Yesterday we talked about Jeff Blashill’s plan for this Red Wings team being based on speed. This is what he said about his vision for the team’s identity.
“We’ve talked about our identity being relentless and fast, being competitive and detailed. In the fast part obviously speed’s a factor but it’s not everything. It’s mentality, not just how fast you skate but how fast you play, so we try to play as fast as we can and transition hockey. I think that’s our best chance to have lots of success based on the team we have... We’ve got a D corps that can get up in the play and skate and a group of forwards who have some high end speed and can make plays at high speed, so to me it’s just playing to our strengths.”
When Blashill described what he’s looking for from his team, relentless, fast, competitive, detailed and able to make quick plays and excel in a fast transition game, it’s hard not to think of Nick Jensen. Along with Xavier Ouellet and Ryan Sproul, Nick Jensen will have to exposed to waivers this year in order to be sent back to Grand Rapids. While most fans are more familiar with Ouellet and Sproul, the focus on team speed and fast playmaking could give an advantage to the lesser know Jensen.
“Lots of people talk about the D spot we have open and Jensen’s name is probably not mentioned enough.” Blashill says. “Nick Jensen, in the two camps he’s been in has done a really good job and has had a real good impact. I know he’s done a real good job a couple years in a row GR, and Nick, when he’s playing his best, uses his speed as a defensive weapon. He’s got a great great ability to cover ground and he’s really competitive. So if he does a great job defending and does a great job getting the puck out of our end, he’s going to make a play to be the guy on the hockey team.”
It’s difficult to hear Blashill talk about Jensen and not think that his skillset is tailored for the Wings current build.
Todd Nelson got to coach Jensen in Grand Rapids last year and says of him:
“Jenner’s got to be consistent day in and day out. He’s a pretty consistent guy and he skates so well. One of the things he can work on is making more plays under pressure but at the AHL level he’s able to sometimes dominate.”
If Jensen doesn’t make the Wings, and they choose instead to put him on waivers, he’s hoping to be picked up by another team and have the opportunity to play in the NHL.There’s no resentment or frustration in his voice as he talks about his situation, and he understands the Wings have some tough decisions to make.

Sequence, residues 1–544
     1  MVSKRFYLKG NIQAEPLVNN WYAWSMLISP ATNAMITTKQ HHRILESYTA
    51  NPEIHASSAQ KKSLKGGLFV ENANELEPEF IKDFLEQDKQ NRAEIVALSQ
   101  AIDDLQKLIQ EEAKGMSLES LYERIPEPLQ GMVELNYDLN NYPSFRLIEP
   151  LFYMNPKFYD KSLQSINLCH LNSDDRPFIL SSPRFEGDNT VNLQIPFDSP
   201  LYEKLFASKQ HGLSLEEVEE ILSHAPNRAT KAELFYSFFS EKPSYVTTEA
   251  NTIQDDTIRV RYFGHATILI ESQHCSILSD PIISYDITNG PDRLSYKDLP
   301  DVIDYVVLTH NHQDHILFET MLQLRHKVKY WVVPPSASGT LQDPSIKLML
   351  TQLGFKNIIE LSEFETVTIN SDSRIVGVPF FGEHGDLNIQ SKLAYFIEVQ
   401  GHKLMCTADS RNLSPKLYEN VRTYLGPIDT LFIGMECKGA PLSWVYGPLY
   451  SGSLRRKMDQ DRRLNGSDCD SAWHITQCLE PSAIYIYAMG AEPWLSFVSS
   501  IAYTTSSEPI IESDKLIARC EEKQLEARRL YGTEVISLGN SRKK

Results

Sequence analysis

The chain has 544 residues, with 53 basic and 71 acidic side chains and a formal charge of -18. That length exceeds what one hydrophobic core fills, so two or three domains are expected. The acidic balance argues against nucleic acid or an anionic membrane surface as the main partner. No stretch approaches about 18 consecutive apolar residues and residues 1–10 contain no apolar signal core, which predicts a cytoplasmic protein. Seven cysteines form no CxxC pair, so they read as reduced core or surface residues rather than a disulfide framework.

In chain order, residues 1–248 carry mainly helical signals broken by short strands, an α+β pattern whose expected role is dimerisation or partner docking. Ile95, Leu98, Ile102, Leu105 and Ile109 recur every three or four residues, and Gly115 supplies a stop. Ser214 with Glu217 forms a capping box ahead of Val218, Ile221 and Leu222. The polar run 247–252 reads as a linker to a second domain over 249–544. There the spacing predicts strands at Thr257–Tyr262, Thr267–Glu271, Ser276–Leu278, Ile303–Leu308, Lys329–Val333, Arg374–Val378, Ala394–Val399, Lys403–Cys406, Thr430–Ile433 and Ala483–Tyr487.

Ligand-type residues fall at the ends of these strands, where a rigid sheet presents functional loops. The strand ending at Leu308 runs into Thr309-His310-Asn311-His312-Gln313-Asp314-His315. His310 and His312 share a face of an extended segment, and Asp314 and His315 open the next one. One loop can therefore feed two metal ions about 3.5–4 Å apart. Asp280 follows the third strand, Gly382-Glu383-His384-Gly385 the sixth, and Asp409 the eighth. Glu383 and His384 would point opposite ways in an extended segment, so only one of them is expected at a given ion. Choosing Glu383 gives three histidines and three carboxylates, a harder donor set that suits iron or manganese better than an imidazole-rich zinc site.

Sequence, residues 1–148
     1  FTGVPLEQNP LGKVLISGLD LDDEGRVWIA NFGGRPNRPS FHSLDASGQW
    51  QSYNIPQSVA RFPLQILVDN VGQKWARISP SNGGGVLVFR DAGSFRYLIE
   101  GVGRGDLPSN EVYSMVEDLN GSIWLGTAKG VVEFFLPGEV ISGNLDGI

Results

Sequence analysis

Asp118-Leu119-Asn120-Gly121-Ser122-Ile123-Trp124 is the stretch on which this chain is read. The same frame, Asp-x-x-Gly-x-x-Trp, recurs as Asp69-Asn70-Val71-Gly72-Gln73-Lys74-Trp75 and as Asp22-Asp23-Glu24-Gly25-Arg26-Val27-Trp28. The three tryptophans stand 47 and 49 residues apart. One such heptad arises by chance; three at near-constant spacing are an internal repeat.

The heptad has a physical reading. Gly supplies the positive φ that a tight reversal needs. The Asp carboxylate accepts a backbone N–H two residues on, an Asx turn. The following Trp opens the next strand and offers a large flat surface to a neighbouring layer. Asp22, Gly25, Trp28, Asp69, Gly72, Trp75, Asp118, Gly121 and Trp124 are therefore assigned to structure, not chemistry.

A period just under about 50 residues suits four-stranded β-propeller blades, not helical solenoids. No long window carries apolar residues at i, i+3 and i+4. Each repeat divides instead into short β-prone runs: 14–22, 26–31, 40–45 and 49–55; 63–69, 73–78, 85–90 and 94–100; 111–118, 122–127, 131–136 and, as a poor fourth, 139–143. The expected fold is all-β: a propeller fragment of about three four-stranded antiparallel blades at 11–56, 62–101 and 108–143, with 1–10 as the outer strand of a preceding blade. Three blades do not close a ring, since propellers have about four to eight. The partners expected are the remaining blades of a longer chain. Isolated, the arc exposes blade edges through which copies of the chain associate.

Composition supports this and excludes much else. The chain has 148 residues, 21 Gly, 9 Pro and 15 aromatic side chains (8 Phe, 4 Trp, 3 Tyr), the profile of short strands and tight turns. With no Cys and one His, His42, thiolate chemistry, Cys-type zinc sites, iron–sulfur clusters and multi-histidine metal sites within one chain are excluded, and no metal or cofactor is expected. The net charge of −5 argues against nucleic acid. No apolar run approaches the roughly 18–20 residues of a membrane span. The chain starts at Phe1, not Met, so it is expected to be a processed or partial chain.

“It’s going to be huge for me to give my best case possible to not only Detroit but every team in the league, that I feel like I can play in the NHL; I’ve got to make it hard on the staff here. I want to be on Detroit, but if they don’t want me and I go down, I want to get picked up by another team as well. I want to show I can skate and move the puck up to the forwards and create offense from the D zone, not necessarily just scoring.”
I’ve loved Jensen’s game since the first time I watched him in Wings development camp and have been a little surprised he hasn’t been given a chance yet to prove he can play in the NHL. He’s often left out of the discussion of the Wings defensive future, or mentioned as an afterthought, but Coach Blashill’s comments about the team’s identity and Jensen’s skillset sound like it’s the perfect fit. I know most people think of Sproul and Ouellet ahead of Jensen in the depth chart, but I’m not sure that’s something we can assume. I think Jensen’s potential is higher than Ouellet’s, and what he brings right now is better than Sproul. The tough question is, what can Sproul become and is it more than what Jensen can achieve? Putting any of the three defensemen on waivers is a risk, even though it’s varying degrees of risk. Maybe they’ll clear, maybe they won’t. What Nick Jensen has a small window of time to do, is prove that he’s worth keeping on the team both now and in the future, and it sounds to me like he just might be what the Wings need.